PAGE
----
Sunday, February 6, 2011


Late night greetings, everyone. I hope you don't mind some mental ramblings.

Round two of chemotherapy ended today, and again, Nancy is doing well with it. No reactions, rashes, or real discomfort so far, although the next couple of days could be different. She got two more units of whole blood this evening to keep her hemoglobin levels up, one a directed donation from her sister-in-law Karen Kristensen. It's special to get gifts like that. She now has bits of Edward Nattenberg and Karen and myself orbiting in her veins, along with the dozen unknown hero donors who have volunteered some of their essence.

I've had a couple of hours of sleep tonight, squeezed next to her on the hospital bed, and it's time to let her have the whole thing so she can settle fully into herself. I'm unable to reenter dreamland on the rack, er, the pull-out chair that doubles as a bed for guests, So I've been contemplating the nature of our adaptability as human beings.

It's quite astonishing how we mold our world; sitting on the 11th floor of the hospital, on the northern slope of Mount Sutro in San Francisco, I am looking out the window at miles of transformed landscape, continuously coated with a dense fabric of buildings and roadways, lights, churches, moving cars. It's also amazing how we adapt ourselves; Nancy and I have created a cozy home away from home, with nothing more than some altar objects, an LED candle, our laptop computers and iPhones. We can feel ourselves as a connected couple in this structure of healing technology, to the point that we bicker as always. She has even created big parts of her outer life here, coaching a workshop, and becoming command central for Vangie's funeral on Monday.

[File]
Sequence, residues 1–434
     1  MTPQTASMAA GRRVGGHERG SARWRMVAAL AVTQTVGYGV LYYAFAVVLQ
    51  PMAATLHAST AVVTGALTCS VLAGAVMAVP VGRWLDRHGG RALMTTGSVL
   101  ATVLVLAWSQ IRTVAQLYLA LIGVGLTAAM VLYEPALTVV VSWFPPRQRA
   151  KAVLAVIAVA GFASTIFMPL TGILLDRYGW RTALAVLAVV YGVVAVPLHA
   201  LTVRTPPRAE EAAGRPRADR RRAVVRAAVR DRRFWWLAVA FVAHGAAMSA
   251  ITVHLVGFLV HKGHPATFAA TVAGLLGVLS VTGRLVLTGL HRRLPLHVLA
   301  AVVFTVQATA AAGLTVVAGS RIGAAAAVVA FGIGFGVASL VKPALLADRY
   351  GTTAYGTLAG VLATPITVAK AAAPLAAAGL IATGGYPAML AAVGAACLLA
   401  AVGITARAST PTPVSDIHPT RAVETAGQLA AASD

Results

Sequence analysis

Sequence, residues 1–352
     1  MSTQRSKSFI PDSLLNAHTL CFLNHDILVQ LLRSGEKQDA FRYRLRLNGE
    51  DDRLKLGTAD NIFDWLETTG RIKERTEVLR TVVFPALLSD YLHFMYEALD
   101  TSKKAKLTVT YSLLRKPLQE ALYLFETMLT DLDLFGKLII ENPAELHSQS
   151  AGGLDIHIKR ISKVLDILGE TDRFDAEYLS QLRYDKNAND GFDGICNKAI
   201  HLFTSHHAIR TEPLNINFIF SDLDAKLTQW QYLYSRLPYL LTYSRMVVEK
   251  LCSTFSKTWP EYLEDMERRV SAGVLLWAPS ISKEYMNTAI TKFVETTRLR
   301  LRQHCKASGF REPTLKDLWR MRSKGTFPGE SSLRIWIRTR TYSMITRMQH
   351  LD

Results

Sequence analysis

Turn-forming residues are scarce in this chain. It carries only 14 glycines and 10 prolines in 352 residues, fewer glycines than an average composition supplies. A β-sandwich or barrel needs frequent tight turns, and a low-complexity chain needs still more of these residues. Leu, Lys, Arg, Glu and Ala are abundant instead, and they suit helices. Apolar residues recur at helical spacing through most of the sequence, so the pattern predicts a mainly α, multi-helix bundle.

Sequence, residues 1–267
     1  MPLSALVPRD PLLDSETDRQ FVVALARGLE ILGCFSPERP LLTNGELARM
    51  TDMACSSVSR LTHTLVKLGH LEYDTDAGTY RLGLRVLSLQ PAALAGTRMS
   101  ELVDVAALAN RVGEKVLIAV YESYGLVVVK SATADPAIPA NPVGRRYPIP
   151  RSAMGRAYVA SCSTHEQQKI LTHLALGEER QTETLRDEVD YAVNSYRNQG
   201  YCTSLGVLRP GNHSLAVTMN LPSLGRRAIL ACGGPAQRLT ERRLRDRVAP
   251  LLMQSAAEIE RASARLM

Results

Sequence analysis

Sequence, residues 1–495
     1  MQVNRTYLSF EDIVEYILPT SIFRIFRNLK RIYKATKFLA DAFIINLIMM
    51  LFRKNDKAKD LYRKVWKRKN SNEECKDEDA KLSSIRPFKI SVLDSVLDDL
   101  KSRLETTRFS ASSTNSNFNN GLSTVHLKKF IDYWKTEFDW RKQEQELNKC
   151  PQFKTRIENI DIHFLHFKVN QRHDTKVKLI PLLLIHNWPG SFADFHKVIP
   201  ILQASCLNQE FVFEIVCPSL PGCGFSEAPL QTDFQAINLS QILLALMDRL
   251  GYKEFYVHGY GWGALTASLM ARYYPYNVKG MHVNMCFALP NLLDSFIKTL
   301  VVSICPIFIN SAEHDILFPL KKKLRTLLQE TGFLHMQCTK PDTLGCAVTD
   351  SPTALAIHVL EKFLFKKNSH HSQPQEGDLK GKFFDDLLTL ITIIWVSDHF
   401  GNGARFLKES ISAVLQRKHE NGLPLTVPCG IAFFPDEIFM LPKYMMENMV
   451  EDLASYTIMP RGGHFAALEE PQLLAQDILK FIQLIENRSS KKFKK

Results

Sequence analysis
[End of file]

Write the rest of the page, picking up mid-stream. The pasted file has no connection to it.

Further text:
Our complexity is key. Simple organisms cannot adapt to changing environments. Fortunately, leukemia cells are simple, and the intense levels of chemo drugs are more than they can tolerate. The process of programmed cell death is called "apoptosis", and it's the malfunction of that process that allows leukemia cells to multiply. The genetic error that creates leukemia should never have been allowed to propagate in the first place.

Apoptosis. I love the word, as it sounds like something exploding. As the chemo hurries leukemia cells to their timely death, I imagine Nancy in a popcorn haze of apoptosis, thousands of little leukemias committing suicide each minute. Thank god for their simplicity, their inability to adapt to cytarabine and daunarubicin.

And thank god for Nancy's adaptability and determination, not to mention my own. Perhaps I can adapt to the rack now, which has adapted to the shape of the hundreds of humans before me, that have slept here as they watched their loved ones go through this trial. It's too bad they all seemed to be only five feet tall, as the hip and shoulder indentations require me to adapt in some odd ways in order to find sleep :-)

The ventilation sighs, Wallie the IV softly chitters, and apoptosis crackles under the covers nearby. I can sleep with that.

With love,

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